The Bull Is Back

What a fabulous Friday to cap off a super week in the stock market. Times like this don’t come along often, so when they do I like to celebrate. The traditional response to an up week is to call for bad times ahead, warn that it can’t last forever, and make some quip about the gullibility of the average investor. All of which I’ll get to in a moment. But first, the celebration phase.

The Dow gained 3% for the week, and is now down just 0.5% so far in 2005. Double The Dow is down 1.4%, exceeding its mandate of twice the Dow in either direction. That often happens when recovering from a loss because it falls twice as much and then has a smaller base from which to grow its recovery. It eventually catches up and surpasses, though, and I see no reason that this time will be different. I absolutely love investing in the Dow. It will never go away. It will always recover. At twice the Dow’s performance, I consider Double The Dow to be one of the best long-term monthly investment programs available, and I’m the only one who advocates it. Tells you something about the financial industry. Last year, this portfolio hit a low of about -16% before fully recovering and finishing the year at +5%. Money invested during the low months gained roughly 25% by year-end. That’s the general pattern with this reliable strategy. As always, you can learn all you need to know about it in Chapter 4 of my stock book and follow its performance here.

Now to investments that are decidedly NOT guaranteed to never go away.

Maxtor reported a fourth-quarter loss of $70 million. A year ago it reported a $39 million profit, so this is hardly good news at first blush. Analysts were expecting a 15-cent-loss per share, but the $70 million computes to 28 cents per share, almost double the damage foreseen. However, much of the trouble is due to one-time expenses associated with the ongoing turnaround at the company. The whole reason we were able to buy at $3.25 is that the company is having a rough go at it. It’s hated on Wall Street. My hope has always been that as the company gets its ducks in a row, it will produce better financial results and garner favorable analyst comments and become a value investor’s tech stock. When that happens, it has a chance to re-enter the mutual fund radar and get picked up in a massive buying spree. The single-digit stock price days would quickly disappear in the rearview mirror.

We may be seeing the first stages of that already. In its report, Maxtor exceeded analyst expectations of $990 million in 4Q revenue when it weighed in with $1.03 billion. I feel good to have paid a quarter over three bucks a share for a company with a billion dollars in quarterly revenue. When the new management team gets this recovery into full gear, we should see some sparkling results. After this good revenue news, the stock rose 13% to $5.54 on Friday. That puts us up 70% from $3.25.

I placed a stop-loss for half of my Maxtor shares at $5.10 on Friday and emailed my list. (To join the list, just type your email address into the box at the top of this page, then confirm in the follow-up note that you want to join. It’s completely free.) I mentioned that I hoped the stock would not hit my stop, but that I didn’t want to ride it back below $5. Thankfully, the stock did not hit $5.10, so I’m still all in and have moved my stop up to $5.30. Being so far in the black allows me the luxury of a wide margin between the current price and the stop. I’m eyeing $6 as a near-term target, but you never know and as the sage says, “You can’t go broke taking a profit.” Even as Maxtor works successfully toward its recovery, there’s danger in the market at all times. Maxtor is not the Dow. It could be cratered in an instant by something completely unexpected. I don’t expect that (ha!), but we need to protect against the possibility.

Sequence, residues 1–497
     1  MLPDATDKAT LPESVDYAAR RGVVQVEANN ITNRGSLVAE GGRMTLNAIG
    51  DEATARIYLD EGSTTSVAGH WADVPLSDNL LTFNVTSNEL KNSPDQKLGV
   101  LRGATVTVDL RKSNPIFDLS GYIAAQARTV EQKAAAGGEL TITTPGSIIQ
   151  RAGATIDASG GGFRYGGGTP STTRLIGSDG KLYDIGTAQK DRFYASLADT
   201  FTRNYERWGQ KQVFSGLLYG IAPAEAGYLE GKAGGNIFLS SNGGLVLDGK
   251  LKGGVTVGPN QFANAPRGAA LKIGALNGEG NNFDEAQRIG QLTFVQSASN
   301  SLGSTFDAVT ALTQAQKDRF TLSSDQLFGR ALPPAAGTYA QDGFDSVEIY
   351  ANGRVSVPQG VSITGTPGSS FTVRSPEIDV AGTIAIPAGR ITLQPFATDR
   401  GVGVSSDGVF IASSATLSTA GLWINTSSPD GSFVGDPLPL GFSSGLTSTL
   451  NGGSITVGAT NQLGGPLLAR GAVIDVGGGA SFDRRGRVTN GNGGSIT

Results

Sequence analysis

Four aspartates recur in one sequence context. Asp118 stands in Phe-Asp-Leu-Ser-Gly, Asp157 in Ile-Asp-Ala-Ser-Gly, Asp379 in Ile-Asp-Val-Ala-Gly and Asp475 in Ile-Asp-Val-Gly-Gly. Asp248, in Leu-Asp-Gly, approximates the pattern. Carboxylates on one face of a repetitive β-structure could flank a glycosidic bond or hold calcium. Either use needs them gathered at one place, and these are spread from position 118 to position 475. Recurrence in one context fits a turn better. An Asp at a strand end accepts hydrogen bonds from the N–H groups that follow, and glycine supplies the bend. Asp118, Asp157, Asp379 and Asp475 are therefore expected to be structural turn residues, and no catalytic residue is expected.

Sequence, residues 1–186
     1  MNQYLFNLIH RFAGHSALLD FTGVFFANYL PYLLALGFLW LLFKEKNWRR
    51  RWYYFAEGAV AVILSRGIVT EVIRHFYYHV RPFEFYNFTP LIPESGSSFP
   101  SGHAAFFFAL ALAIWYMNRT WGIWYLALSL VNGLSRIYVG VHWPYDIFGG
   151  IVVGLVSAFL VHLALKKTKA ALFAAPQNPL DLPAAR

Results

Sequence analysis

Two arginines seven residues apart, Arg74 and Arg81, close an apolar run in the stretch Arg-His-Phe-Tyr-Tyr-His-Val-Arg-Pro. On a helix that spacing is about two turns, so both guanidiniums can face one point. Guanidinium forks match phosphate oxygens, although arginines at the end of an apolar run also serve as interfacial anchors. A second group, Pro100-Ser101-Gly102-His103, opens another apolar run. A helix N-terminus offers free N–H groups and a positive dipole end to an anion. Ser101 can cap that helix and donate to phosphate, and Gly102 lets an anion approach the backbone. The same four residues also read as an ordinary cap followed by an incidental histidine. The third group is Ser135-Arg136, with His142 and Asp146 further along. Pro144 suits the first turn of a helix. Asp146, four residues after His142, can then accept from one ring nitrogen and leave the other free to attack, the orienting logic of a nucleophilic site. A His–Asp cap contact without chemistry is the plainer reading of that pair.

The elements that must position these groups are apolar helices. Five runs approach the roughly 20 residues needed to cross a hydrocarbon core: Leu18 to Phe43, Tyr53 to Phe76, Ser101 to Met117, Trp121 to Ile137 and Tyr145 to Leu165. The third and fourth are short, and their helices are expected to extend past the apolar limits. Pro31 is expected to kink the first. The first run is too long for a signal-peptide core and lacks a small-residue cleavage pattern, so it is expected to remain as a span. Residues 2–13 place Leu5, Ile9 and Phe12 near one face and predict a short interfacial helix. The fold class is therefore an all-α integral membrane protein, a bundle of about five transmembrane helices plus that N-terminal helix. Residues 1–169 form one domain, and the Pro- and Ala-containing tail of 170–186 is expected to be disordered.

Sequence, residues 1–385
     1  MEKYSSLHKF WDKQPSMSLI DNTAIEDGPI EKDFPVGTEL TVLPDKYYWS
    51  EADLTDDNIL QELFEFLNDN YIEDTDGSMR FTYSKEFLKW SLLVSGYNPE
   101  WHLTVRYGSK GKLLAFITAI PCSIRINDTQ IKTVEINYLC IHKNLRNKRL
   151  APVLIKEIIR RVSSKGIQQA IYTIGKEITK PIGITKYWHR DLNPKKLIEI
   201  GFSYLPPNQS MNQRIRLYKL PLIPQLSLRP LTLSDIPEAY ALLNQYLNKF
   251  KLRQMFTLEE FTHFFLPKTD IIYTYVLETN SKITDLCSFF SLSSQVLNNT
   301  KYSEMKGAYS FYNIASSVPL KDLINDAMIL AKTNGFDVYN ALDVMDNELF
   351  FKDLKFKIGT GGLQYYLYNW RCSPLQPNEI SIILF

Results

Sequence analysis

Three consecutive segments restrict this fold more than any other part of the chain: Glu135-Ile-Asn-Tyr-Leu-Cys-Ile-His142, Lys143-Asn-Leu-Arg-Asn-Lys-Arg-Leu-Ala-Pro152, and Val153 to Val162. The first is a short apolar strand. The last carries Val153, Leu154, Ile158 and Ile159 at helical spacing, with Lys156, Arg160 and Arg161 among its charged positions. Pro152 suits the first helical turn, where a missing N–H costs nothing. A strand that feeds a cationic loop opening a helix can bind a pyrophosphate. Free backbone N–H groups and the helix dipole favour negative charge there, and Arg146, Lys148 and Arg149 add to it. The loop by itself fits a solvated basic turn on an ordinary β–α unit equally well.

UTStarcom had a rough week that saw it plunge to 6% below our buy price. Forbes published an article that said, “UTStarcom guidance for 2005 may be at risk due to an estimated 30% decline in China’s personal access system (PAS)”. However, UTSI’s

estimates include a 50% decline in PAS, so the reaction seems overdone. My guess is that UTSI will become an acquisition target in the mid-$20s. That’s not so great, in my opinion, so I will probably look to sell if we can get back above $20 before summer. Looking to the downside, at 8% below our buy price I will sell half, with the other half to follow at 10% below.

Semiconductor stocks rose 4% on Friday and my pick, Profunds Ultra Semiconductor, rose 6%, in line with its mandate to outperform both up and down by 50%. It’s now down a mere 0.8% from our buy price of $18.09.

Finally, the Land of Dreams and Magic continues living up to its name. Disney is now up some 95% from our buy price of $15 on March 11, 2003. Looks like we’ll get that double in two years after all. Disney is a Dow stock, of course, and this individual holding serves as a great example of the many ways to use that handy list of 30 global winners. If you did nothing the rest of your life but choose your investments from the 30 stocks on the Dow, you would most likely outperform every investor you’ve ever met. Excellent work, Disney.

I hope you’re enjoying the dramatic change of sentiment in the market as much as I am. Remember that stuff I said at the beginning of this article about the bad news needing to be brought up? Forget it. We all know that the market fluctuates and therefore by definition cannot keep going at Friday’s pace forever. Just keep the good stops in place as explained on Maxtor above and keep the bulk of your money in the reliable Dow. You’ll do fine.

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